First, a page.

Presidents, activists, famous artists and religious figures dance through my head. Then, I reflect on the book I just finished: Let My People Go Surfing- The Education of a Reluctant Businessman by Yvon Chouinard, the founder and owner of Patagonia. The book reflects on Chouinard’s experiences in business and how he came to form Patagonia and its strategy.
Before reading this book, I was an avid fan of Patagonia. I wear my mom’s quarter zip, reversible jacket from the 80s with pride. The jacket looks new and protects against wind, rain and cold making one of my favorites to wear for crew practice. I knew a little about Patagonia’s environmental efforts from research, after all, Patagonia was the company that I used to help determine what I wanted to major in in college. (I saw the position of Art Director on the website and fell in love with how it combined art and business.) However, these points keep me stagnated as little more than a groupie who happened to properly use the clothing.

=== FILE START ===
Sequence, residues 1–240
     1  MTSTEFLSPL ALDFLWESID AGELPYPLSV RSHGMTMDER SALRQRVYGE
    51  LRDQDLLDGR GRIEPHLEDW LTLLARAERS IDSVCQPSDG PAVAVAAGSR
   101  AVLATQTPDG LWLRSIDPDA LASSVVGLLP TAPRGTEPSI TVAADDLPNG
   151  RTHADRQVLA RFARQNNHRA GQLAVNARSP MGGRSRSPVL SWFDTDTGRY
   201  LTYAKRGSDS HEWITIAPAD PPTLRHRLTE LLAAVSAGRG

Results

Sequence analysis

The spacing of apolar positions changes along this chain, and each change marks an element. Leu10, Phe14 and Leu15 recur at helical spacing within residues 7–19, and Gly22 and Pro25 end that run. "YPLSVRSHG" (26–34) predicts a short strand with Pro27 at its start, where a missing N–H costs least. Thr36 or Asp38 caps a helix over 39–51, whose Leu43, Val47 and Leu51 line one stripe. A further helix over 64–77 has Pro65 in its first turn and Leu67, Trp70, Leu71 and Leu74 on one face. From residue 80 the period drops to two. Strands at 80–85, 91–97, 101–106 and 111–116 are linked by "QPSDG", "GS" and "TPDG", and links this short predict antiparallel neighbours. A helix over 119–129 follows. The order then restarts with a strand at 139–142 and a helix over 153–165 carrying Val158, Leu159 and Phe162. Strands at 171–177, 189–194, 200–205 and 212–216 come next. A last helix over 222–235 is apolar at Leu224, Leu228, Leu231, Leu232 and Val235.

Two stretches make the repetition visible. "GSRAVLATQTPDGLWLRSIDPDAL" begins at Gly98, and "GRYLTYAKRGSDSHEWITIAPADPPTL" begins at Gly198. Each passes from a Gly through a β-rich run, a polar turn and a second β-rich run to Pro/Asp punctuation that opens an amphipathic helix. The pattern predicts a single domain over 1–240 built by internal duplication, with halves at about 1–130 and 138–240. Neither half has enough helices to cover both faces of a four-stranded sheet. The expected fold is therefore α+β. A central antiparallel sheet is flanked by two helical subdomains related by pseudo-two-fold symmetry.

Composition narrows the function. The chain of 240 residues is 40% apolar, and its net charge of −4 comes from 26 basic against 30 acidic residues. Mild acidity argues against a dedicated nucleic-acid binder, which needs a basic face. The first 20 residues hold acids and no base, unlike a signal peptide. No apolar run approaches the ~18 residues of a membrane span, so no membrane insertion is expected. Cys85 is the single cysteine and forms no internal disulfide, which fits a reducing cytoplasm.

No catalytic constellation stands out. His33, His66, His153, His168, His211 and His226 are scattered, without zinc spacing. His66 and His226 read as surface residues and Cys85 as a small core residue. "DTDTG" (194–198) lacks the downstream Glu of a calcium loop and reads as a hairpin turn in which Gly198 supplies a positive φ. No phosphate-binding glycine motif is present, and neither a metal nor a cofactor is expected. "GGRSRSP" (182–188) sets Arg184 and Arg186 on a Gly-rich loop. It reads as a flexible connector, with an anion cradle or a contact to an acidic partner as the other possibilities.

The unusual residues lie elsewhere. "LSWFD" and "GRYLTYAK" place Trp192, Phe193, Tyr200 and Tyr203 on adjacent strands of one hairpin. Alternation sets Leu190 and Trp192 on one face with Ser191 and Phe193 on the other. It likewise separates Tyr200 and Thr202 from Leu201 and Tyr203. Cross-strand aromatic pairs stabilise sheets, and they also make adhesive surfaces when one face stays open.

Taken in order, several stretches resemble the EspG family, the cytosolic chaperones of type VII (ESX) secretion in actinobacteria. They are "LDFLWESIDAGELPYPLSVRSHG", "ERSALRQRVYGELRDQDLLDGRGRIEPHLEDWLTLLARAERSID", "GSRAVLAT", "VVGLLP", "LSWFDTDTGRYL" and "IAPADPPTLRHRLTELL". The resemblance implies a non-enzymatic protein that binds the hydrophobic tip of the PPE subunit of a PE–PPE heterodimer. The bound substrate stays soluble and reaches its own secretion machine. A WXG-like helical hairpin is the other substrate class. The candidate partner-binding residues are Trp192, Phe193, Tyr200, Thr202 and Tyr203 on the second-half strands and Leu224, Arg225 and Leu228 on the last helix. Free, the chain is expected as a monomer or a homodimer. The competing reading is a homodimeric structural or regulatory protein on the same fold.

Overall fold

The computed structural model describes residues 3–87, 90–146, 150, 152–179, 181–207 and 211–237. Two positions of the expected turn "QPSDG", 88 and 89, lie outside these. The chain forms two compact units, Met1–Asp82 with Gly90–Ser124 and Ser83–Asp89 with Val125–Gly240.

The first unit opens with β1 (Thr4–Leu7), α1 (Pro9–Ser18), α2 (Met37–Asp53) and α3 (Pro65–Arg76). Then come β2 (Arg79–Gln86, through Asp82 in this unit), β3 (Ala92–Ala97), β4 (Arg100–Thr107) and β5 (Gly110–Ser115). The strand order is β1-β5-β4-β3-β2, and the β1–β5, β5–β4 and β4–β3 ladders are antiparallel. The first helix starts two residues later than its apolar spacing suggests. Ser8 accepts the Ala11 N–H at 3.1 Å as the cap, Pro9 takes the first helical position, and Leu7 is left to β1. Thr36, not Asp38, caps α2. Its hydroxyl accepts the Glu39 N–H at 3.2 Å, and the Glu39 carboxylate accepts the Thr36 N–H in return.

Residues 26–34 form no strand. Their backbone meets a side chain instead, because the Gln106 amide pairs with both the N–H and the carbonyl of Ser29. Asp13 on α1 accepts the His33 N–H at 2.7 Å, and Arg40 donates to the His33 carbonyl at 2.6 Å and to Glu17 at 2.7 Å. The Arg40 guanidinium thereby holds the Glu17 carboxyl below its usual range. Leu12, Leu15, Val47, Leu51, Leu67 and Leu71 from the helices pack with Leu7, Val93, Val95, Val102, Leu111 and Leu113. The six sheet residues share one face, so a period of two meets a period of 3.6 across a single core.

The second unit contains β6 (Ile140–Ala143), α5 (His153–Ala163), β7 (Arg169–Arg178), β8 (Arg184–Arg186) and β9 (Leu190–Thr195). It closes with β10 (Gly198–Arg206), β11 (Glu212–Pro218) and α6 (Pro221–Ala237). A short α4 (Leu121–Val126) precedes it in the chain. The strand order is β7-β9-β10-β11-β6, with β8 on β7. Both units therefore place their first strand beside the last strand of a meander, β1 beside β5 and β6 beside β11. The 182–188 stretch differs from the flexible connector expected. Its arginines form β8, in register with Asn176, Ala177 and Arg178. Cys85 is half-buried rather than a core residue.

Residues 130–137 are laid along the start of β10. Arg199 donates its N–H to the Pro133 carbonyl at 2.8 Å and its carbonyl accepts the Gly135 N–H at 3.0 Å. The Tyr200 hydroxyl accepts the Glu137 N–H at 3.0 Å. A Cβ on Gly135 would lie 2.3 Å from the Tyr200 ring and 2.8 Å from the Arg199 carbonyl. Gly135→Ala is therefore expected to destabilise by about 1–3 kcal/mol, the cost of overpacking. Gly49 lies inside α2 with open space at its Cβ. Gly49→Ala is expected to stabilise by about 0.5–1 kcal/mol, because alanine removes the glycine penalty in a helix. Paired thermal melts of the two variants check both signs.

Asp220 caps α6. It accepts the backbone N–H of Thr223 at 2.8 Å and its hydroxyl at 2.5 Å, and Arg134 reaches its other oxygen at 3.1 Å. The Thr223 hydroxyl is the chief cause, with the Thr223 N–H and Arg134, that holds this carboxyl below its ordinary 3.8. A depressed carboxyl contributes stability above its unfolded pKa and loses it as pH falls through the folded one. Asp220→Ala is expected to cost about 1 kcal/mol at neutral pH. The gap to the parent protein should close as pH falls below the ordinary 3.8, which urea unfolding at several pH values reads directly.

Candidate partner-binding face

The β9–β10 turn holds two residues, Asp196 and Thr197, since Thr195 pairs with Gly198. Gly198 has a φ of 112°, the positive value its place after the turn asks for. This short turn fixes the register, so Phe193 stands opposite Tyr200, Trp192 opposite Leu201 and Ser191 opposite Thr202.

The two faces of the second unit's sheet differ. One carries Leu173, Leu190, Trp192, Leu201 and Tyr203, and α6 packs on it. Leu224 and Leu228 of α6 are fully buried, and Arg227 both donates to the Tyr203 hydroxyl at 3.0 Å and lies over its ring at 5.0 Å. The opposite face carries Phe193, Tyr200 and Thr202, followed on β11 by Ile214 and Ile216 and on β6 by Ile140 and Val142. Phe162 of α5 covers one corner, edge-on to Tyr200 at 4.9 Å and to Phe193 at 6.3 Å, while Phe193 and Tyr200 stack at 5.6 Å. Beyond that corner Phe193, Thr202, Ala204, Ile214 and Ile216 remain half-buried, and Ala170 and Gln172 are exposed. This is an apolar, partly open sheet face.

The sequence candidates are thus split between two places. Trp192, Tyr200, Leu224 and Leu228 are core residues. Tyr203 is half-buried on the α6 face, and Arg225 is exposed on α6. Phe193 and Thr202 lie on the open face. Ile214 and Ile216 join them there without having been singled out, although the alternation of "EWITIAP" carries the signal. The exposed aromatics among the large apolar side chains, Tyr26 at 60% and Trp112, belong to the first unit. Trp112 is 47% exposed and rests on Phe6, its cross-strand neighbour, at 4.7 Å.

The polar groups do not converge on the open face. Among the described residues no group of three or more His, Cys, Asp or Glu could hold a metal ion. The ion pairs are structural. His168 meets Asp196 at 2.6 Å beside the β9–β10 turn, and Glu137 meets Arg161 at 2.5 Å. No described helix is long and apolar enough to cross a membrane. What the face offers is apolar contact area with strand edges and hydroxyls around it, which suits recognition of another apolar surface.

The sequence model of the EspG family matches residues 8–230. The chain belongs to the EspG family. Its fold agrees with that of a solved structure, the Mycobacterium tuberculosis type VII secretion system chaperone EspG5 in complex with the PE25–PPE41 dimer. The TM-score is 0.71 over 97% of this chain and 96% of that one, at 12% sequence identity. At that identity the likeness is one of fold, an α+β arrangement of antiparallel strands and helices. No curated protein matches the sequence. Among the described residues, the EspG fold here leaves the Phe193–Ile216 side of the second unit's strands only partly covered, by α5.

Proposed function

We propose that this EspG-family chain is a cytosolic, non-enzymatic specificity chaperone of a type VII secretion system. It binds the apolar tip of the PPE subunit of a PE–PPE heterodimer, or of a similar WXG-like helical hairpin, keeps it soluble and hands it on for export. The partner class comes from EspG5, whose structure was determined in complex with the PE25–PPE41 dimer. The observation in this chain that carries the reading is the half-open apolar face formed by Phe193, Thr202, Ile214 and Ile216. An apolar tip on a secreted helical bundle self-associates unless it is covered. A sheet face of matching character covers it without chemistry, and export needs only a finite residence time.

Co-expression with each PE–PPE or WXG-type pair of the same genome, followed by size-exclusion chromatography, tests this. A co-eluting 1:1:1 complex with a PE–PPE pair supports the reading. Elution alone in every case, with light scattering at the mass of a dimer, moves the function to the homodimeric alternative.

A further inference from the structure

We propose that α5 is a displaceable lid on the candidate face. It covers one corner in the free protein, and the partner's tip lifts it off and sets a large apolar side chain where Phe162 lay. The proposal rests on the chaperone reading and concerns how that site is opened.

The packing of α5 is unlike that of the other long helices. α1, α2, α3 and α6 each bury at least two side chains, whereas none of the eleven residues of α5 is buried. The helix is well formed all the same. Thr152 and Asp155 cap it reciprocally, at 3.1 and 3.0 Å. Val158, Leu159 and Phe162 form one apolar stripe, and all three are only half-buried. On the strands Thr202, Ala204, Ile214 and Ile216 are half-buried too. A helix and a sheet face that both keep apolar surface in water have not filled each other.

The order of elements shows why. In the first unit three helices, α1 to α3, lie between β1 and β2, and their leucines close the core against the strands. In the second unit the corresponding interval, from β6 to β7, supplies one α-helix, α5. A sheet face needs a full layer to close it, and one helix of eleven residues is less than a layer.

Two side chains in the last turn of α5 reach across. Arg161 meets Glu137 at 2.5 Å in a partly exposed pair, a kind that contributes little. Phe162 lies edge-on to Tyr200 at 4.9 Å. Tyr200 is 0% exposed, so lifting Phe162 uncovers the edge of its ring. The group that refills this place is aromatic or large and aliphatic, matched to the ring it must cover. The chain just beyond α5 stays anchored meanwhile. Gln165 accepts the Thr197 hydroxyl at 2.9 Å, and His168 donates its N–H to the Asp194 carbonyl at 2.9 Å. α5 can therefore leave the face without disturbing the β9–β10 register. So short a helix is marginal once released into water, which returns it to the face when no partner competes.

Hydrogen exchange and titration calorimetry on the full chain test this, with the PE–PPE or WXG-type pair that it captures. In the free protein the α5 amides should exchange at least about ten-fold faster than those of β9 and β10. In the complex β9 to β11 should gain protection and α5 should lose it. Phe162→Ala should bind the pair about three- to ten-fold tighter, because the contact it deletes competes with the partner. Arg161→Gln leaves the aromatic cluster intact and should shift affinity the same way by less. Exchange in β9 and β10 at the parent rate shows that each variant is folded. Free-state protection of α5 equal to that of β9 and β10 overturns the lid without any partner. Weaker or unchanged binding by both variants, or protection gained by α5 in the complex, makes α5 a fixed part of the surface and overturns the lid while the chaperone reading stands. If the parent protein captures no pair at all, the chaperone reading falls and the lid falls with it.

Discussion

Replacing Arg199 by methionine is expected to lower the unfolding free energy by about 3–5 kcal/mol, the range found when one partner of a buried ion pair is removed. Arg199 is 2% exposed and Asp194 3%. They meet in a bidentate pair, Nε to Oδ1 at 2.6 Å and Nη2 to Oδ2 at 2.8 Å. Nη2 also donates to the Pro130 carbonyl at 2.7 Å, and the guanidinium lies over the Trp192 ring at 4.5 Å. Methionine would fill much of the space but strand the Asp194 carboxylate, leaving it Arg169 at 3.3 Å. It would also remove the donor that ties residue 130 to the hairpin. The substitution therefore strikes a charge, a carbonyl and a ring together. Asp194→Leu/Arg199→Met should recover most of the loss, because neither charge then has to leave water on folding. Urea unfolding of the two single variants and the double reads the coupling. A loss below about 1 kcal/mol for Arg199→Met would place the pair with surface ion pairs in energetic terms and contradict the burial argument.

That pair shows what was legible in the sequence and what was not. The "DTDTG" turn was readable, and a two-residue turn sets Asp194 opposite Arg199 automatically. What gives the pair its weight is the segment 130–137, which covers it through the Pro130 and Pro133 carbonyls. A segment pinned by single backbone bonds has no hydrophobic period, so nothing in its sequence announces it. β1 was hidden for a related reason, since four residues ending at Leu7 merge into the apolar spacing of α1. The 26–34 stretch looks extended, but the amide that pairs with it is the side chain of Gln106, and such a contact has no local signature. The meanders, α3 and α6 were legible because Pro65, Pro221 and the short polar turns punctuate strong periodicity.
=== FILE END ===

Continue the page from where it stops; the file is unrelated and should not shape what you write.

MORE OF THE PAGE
After reading Let My People Go Surfing, my passion for Patagonia grew. Thus, if I could have dinner with anyone, it would be Yvon Chouinard. I’d want to further discuss his transition from outdoorsman to founder and how he balances those two semi-conflicting roles. I’d want to discuss how other business could implement Patagonia’s practices, such as donating 1% of sales to environmental grassroots efforts, and how such practices could change the world. However, the reason I would want to have dinner with him the most is because I want to get to know him. What kind of person is courageous enough to tackle these huge environmental issues? How creative do you have to be to figure out that running a company as an example is the best way to bring about change in the world?
Thus, Yvon Chouinard would be the historical figure I would take out to a nice (vegetarian) dinner.